brothers lived on and ran the farm -- according to Notre Dame archives they grew
everything for the University, "from peat for fireplaces to tobacco for faculty
Now, Blum farms seed corn here. And he still uses most of the buildings on the 40
acre homestead, which includes a horse barn where at the turn of the century the
Brothers kept their horses, the power of the farm. The landscape also includes a
soy mill, an apple storage building, an octagon shaped barn, an brick building with
a giant brick chimney which generated steam to heat the farm buildings, and at
least 4 towering silos.
The farm also boasts a nearly 100 year old, cattle barn. It was at one time the heart
of a cattle operation there and the barn was one of the largest in the state.
"Well underneath that barn is where all the cows stayed. About a 150 head of
cows and on top there is hay storage," says Blum.
Blum says the Brothers started a commercial cattle operation sometime around the
Blum and his family live in what was once the church. It was Saint Pius Church,
before the church moved to their new building on Fir Road.
"This was the altar," says Blum as he walks into what the family has made into
Right next door to the family's homes is a massive building where the brothers
once stayed. The building looks like a large home. The porch stretches the length
of the building. The inside has been gutted in preparation for renovations but you
can still get an idea of how many people lived there and what it took to run the
giant farm operation.
And while Blum maintains and uses most of the 29 buildings on the farm, there is
one that doesn't get any use anymore.
"I better check this out first. There might be raccoons and possums and rattle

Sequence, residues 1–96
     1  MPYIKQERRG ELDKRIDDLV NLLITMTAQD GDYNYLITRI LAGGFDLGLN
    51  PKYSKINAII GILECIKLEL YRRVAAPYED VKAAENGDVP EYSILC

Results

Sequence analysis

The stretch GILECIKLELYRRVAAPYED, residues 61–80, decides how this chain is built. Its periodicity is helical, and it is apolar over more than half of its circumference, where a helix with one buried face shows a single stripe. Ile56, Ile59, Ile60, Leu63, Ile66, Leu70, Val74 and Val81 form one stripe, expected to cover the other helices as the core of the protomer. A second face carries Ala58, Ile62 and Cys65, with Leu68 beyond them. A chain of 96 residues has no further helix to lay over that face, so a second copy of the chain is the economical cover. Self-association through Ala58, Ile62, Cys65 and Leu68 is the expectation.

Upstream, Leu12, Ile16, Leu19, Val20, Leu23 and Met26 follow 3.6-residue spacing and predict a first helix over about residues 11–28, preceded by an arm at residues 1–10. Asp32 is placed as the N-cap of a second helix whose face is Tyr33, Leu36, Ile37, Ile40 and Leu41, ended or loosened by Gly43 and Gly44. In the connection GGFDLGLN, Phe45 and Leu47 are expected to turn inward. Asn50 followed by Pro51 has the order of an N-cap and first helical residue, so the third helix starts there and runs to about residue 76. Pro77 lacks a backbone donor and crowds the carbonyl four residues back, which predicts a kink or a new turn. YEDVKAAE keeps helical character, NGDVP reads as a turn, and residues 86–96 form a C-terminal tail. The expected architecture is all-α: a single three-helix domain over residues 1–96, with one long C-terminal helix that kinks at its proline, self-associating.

snakes," says Blum as he walks into an old outhouse which the Brothers used as a
bathroom, "yeah, we have got ourselves a number one commode."
The Brothers moved out in the 90’s. But remnants of their lives are still visible on
"Most of the brothers that worked here are gone. There are a few left," says Blum,
"they love the place that is for sure. But I don't think they ever felt like they
owned it. It was just part of their vocation."
The Brothers may have moved on but they are not forgotten.
St. Joseph Farms sits along Currant Road in Granger.
Video on Saint Joseph Farm:
The above Article:
(Article from the
September 9 edition of
Catholic New World –
In addition to celebrating 100 percent college acceptance for the seventh
consecutive graduating class, Holy Trinity High School, 1443 W. Division,
celebrated the fact that their senior class received more than $2.5 million in
scholarships. This is no small feat given that many of these students will be the
first in their families to attend college.
Link to Holy Trinity Website: http://www.holytrinity-hs.org/
Brothers Welcome Back Br. Donald after 24 Years in Portland
This past week Brother Donald Stabrowski returned to South Bend after serving at
the University of Portland for the past 24 years. At the University of Portland he
served as dean and professor of history and political science. Since August of
2002 he served as provost of the university responsible for the administration,
coordination and development of all academic programs and activities of the
University. He served as interim president of the University in 2003.
Last year Brother Donald transferred from the Midwest Province of Brothers to
the United States Province of Priests and Brothers. A year ago June Brother
Donald celebrated 50 years of religious profession in the Midwest-Province of
Brothers. In June Brother Donald was appointed 3 rd Assistant Provincial of the